I remember back when 2008’s Oscar nominees were announced, and I was a regular visitor to a few different comic book forums. There was, of course, a lot of discussion on whether or not The Dark Knight should have been nominated for Best Picture. While a worthy subject for debate, that’s not the biggest thing that stuck with me from the conversations, though. What came up over and over again was that the people in the conversation were ignorant of the actual Best Picture nominees. This wasn’t willful ignorance; they weren’t saying “Meh, what a bunch of worthless hoity-toity art films.” It was enforced ignorance; they were saying, quite literally, “What are these movies? I haven’t heard of them.” I hadn’t either — being at the time a little less involved in the movie fan community — and did some looking. What I found was that the films nominated had achieved their eligibility solely through the “released in L.A.” qualification. Of the five films, only The Curious Case of Benjamin Button had a wide release in 2008, and it only barely. The others had limited L.A. releases in 2008, but had their general release in 2009. Whether my fellow comic book fans were justified in being upset over The Dark Knight getting snubbed may be a debate for the ages. But it seems like a fair call that we were justified in being annoyed that we couldn’t even see the films that were nominated at the time the announcement was made.
It’s something that I’ve always remembered. And while years like that aren’t all that common, it got me thinking about just when these movies really do come out.
The eligibility for films is determined by when they are released in the Los Angeles area. (More or less; I think there are a few other wrinkles, but that’s the general gist of it.) Looking at the pie chart for their first eligible release, it doesn’t provide too many surprises. December takes up a large portion of the chart, fitting the public perception that the end of the year is “Oscar movie season”. If anything, it’s surprising that it’s not larger. But even so, the last three months of the year make up half of the nominees. And films first released in January are a very tiny slice of the pie, which fits in with the public perception that anything released that month is forgotten by the time nominations come around. Other months are more-or-less as expected, with the number (mostly) remaining steady or going up slowly from month-to-month.
When we look at the chart for the film’s wide release, things get interesting. First, I’ll note that this is a “widest”, not “wide” chart; some of these films only ever had limited releases. But whether they were only on a few screens or were across the country, the dates used for this chart represent what could be considered its general U.S. release date. And what we see is a dramatic shift in the winter months. December is noticeably smaller, and January is noticeably larger — it’s four and a half times its size in the previous chart. November gets a little bit smaller, and other months shift by 1% or less. There’s an interesting dip in both charts for July, which I suspect has to do with the summer blockbuster season being in high gear then — and the Oscar’s usual disdain (often but not always deserved) for the blockbusters.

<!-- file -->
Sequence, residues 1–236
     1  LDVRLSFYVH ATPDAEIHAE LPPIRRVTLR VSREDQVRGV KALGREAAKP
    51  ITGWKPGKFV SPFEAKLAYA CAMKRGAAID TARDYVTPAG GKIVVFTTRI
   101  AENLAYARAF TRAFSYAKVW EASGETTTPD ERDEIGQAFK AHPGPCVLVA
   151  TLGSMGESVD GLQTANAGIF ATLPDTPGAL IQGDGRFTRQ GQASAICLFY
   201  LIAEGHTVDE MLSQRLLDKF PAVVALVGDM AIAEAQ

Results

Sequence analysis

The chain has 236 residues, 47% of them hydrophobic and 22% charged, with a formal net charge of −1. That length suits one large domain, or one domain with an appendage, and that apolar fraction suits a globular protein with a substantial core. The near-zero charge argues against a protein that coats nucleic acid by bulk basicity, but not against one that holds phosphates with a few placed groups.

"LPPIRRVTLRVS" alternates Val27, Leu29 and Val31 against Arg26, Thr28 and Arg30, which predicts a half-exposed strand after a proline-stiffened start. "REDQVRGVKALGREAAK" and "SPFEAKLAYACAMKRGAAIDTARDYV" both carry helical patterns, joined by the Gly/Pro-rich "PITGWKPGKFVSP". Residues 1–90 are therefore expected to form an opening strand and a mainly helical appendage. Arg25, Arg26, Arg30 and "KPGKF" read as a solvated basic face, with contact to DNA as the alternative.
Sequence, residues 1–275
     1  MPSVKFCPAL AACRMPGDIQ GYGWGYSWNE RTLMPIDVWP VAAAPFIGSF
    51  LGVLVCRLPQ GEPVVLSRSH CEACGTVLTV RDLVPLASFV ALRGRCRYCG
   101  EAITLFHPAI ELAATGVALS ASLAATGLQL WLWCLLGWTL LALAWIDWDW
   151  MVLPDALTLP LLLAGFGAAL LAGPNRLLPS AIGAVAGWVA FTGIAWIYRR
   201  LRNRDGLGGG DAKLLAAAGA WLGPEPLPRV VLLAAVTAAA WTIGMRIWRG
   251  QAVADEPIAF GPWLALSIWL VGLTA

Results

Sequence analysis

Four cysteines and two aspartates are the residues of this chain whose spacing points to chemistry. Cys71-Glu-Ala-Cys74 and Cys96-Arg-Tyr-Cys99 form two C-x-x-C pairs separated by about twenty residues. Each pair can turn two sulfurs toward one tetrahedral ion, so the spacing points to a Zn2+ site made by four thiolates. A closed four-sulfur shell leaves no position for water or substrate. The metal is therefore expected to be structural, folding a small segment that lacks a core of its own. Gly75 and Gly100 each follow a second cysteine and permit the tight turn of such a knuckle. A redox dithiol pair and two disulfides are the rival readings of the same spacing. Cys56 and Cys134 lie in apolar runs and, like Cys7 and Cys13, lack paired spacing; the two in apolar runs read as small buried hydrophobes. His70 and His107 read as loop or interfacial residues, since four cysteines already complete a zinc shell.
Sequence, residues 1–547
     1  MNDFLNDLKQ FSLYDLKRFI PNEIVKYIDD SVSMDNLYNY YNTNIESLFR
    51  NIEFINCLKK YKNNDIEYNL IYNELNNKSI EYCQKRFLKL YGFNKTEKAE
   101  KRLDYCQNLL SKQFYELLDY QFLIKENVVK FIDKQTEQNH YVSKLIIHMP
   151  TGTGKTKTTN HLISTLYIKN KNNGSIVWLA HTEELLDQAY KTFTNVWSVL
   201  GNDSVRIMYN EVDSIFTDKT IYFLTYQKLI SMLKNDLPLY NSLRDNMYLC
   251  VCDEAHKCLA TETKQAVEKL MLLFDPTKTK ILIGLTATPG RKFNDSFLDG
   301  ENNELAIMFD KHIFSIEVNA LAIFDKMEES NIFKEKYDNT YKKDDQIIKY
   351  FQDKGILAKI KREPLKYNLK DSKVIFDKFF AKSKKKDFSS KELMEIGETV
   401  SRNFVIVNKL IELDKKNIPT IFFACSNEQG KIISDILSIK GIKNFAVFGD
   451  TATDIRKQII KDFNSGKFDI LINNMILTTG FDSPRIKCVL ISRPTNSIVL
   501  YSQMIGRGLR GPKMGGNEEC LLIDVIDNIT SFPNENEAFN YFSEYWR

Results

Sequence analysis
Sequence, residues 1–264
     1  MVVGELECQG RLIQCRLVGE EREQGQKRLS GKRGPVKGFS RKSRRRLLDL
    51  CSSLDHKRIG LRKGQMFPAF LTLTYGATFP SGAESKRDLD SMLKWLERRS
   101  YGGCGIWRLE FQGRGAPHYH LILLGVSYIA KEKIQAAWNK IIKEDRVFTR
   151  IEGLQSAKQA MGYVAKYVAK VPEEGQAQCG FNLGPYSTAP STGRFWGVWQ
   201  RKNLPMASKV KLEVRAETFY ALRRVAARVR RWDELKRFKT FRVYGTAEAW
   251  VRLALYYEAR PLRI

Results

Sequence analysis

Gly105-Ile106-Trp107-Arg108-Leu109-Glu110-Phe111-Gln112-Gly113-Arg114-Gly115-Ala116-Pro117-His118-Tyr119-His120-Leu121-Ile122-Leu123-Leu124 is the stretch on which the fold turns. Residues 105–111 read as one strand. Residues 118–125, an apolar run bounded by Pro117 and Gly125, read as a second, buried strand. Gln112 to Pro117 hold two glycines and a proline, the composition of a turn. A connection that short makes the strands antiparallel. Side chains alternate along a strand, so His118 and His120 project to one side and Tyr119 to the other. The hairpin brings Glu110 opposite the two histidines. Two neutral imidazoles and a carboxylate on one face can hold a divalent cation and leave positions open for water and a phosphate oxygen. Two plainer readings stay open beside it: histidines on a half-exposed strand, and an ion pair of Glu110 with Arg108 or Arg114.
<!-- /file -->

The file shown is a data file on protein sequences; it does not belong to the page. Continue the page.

So what’s the story with January? Well, unsurprisingly, it’s that issue I mentioned in the prologue: Films are released in L.A. in December… and given a wide release in January. That way a film like Her can be “officially” a 2013 film for the Academy Awards, while most people in the U.S. have only been able to see it in 2014. Because of this act of gaming the release date, January has become as much “Oscar month” as December.
The third chart explains what’s going on visually. The big red slice is those films that can be considered to be “playing fair” regarding the general public: they have their wide releases from January to December of the year they’re claiming eligibility for. It’s somewhat reassuring that this is actually such a large group. In fact, years which don’t have any Best Picture nominees in the red group are relatively rare; it’s only happened in 1988, 2002 and 2008. The green slice is for films that had a general release during the eligibility year, but just barely — releases on Christmas Day and later, where they were only available for viewing the last week of the year, and most of their box office earnings were the following year. The yellow group are those films engaging in the full “eligible on a technicality” shenanigans, the ones with a limited release one year and a wide release the next. Usually this is December and January, but not always. Sometimes it’s November for the limited release, and sometimes it’s February or even later for the wide release. March happens every so often, and there are even a few that were delayed all the way to May. The prize-winner, however, has to be Wings, which had a limited release in January and a wide release also in January… a full year later.
Wings was the original Best Picture winner, so this kind of thing has been going on for as long as the Oscars themselves. But not often, early on. Eyeballing my data sheet, I can see that the number of times a film has had a Christmas release or been bumped to the next year has gone up as time goes on. It was a rare event early on; now it’s commonplace. The expansion of the Best Picture field back to a number larger than five has helped out, though. While there are still about the same number of films that aren’t available before the end of the year, widening the field has meant that there are more which are available. And to me, this can only be considered a good thing. After all, it’s a lot easier for people to get the idea that the Oscars aren’t for them if they can’t even see the films that have been nominated.